“I think that’s a great idea,” he said. “Because if you’re operating a city and county service at over $1 million and it’s sort of based on somebody’s understanding that may change from time to time, that’s not the most professional way of funding or operating a system.”

Scott said he believes Judge-Executive Harold McKinney “is willing to make the transfer of funds over to us,” but the county is stuck on the “technical issue” it believes prevents the transfer of the normal $90,000.

“I don’t think he’s unwilling to, but the county — like the city — is faced with (keeping) reserves and keeping money is one way to keep your reserves,” Scott said. “So I don’t know if there’s a second motivation there or not. But I will just say that (McKinney) and (Conley) have been very receptive to meeting and beginning discussions about how we can have an effective interlocal agreement. The money issue is, I think, temporary, more than long-term.”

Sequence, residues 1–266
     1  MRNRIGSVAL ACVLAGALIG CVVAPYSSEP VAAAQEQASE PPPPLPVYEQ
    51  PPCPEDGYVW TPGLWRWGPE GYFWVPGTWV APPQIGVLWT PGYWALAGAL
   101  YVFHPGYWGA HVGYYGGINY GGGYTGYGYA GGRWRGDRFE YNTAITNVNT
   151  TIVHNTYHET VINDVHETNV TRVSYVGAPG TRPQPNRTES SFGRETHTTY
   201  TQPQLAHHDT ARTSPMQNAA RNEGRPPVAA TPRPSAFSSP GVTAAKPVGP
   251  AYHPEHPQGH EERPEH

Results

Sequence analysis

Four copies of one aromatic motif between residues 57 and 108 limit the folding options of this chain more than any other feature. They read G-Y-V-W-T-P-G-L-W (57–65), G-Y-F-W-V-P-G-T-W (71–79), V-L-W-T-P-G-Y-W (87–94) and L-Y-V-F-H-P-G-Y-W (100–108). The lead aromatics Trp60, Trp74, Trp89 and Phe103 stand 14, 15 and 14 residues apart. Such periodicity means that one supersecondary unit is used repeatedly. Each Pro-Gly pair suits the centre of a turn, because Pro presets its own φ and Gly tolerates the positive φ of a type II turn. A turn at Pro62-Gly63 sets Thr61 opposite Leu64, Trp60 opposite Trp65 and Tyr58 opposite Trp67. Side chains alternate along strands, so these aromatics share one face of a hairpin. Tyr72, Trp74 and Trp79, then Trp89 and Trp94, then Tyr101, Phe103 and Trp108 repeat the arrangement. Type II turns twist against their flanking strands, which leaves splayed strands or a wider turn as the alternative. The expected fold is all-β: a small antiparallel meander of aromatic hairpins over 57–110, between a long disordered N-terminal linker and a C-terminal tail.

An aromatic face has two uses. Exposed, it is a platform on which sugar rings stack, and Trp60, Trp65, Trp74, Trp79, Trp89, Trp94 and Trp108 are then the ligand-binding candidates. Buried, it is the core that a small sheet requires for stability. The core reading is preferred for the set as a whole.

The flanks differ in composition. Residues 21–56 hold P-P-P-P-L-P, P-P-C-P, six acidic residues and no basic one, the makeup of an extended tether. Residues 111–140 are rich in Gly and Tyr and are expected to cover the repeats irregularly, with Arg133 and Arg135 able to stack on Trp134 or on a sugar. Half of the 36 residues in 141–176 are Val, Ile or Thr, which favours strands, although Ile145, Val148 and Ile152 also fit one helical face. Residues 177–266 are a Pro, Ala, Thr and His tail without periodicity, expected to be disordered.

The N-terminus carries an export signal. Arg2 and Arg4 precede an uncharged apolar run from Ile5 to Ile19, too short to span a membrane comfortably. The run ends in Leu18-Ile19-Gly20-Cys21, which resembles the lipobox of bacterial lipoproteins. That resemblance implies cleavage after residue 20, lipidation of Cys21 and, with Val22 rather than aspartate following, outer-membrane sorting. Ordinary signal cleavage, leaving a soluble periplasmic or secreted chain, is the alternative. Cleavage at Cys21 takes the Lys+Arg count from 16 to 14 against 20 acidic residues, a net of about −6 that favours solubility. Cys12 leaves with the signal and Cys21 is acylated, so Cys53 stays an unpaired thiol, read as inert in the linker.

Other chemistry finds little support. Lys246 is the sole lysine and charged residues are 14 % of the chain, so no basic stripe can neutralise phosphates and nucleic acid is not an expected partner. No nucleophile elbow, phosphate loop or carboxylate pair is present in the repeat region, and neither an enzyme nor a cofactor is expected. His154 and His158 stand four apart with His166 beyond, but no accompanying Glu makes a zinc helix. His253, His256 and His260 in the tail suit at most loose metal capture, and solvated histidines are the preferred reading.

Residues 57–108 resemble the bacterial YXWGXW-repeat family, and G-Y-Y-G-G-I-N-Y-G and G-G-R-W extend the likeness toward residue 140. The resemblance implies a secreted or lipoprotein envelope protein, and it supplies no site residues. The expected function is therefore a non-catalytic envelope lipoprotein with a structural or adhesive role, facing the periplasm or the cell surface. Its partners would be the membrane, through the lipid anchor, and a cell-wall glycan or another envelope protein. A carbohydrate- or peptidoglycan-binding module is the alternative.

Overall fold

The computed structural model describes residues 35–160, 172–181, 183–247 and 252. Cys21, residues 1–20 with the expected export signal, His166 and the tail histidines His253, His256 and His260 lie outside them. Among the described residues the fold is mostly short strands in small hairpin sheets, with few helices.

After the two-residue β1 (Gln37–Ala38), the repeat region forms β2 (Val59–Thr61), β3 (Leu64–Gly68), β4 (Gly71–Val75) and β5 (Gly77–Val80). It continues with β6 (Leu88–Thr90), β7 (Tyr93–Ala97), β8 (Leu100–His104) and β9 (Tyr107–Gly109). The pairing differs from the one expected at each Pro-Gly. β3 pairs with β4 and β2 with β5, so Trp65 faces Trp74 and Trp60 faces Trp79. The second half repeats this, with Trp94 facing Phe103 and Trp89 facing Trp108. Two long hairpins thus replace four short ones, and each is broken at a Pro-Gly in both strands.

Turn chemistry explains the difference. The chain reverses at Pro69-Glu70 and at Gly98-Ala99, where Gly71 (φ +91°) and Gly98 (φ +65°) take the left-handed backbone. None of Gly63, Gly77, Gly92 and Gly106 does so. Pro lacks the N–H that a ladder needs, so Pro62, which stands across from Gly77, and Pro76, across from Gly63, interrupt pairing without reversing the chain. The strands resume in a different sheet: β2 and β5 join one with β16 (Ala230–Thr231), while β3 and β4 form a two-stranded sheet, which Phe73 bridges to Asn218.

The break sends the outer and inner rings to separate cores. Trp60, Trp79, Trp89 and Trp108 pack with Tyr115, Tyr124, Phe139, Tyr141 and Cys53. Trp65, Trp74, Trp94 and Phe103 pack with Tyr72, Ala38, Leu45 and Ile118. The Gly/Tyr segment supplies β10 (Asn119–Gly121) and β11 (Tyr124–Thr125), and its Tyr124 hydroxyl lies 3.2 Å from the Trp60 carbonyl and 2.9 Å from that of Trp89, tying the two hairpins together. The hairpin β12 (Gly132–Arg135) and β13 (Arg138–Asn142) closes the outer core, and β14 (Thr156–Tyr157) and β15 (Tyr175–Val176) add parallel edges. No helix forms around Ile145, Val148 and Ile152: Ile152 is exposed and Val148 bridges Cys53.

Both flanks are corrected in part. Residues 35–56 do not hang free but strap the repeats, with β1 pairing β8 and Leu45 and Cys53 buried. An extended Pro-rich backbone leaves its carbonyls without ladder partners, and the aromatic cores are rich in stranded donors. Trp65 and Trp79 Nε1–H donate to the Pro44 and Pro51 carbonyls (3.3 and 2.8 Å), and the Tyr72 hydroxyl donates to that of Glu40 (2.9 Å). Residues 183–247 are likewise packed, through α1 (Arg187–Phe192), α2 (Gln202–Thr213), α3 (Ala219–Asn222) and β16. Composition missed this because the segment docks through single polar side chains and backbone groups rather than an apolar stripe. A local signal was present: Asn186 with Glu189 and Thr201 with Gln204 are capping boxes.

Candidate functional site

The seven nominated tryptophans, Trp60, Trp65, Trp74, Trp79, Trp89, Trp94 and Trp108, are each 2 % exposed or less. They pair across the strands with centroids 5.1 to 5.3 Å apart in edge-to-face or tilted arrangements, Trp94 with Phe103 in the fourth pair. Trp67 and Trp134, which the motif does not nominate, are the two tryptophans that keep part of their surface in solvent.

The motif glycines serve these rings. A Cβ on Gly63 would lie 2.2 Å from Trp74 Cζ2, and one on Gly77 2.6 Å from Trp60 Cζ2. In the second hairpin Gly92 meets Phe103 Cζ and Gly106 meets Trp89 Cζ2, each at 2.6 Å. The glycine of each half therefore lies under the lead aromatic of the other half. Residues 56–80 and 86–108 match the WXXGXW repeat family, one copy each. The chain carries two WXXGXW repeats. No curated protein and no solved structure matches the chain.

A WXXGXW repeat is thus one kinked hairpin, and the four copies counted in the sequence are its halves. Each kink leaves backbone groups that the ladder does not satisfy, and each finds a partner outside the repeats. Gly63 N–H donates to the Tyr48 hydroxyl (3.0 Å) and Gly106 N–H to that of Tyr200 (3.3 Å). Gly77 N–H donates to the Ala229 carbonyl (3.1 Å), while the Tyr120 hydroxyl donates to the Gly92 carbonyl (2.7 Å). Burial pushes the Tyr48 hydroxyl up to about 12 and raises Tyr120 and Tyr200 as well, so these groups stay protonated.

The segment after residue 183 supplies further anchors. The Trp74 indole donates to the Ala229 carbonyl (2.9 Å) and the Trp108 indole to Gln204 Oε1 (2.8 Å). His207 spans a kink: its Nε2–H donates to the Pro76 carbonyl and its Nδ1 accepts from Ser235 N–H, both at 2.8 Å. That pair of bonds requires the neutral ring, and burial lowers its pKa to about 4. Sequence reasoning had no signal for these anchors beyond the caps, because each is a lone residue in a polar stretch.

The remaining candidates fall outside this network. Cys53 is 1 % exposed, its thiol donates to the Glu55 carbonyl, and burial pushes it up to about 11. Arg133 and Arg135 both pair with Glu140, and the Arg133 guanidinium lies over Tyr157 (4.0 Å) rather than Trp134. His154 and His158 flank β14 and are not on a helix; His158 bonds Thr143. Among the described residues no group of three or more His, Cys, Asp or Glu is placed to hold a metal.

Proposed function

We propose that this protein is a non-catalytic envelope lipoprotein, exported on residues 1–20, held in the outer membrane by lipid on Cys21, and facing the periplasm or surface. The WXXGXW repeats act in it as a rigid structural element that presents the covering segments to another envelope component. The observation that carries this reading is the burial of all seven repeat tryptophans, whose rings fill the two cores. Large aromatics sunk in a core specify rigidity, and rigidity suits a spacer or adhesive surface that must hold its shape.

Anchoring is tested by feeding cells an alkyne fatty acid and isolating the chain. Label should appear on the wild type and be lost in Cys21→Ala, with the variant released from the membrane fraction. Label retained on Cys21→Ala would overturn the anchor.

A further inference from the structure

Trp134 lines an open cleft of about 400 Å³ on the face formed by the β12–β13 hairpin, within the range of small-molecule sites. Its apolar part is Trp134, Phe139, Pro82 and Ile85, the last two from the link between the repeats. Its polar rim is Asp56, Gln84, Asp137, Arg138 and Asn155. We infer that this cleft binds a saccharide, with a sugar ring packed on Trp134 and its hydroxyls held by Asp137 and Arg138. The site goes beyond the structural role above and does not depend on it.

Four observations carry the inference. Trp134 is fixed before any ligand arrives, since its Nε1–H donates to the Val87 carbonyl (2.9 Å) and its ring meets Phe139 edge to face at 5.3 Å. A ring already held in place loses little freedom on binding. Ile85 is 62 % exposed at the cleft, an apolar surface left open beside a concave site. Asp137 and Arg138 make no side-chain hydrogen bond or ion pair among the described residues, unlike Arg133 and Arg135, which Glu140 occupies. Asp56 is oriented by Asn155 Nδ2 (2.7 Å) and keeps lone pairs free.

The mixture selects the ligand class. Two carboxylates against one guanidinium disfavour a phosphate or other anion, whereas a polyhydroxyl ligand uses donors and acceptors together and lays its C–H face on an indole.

Scott added he believes the county “can in a way be commended” for saving the $700,000 that can now be used to provide much-needed upgrades.

“That’s over half a million dollars and they’re willing to write that check and that will be done toward the end of this fall or December. And so we’re going to … get usage of that fund that’s been accumulating there for a long time, so I commend them for that,” Scott said.

Commissioners Terry and Atkins laughed during Scott’s comments. Terry said later in the meeting, “Ron’s so much more politically correct than we are.”

Scott said he does believe the state cellular funds should be coming directly to the city, which runs the 911 center under the oversight of the police department as required by law.

Scott noted the city also provides the space for the 911 call center at no cost.

Scott said people from both governments are working to figure out “a fair way of shouldering the respective shares of the total cost.”

“I’m more optimistic than I’ve ever been … that we’ll be able to satisfactorily resolve this issue in the coming months,” Scott said.

“That’d be great,” Caudill said.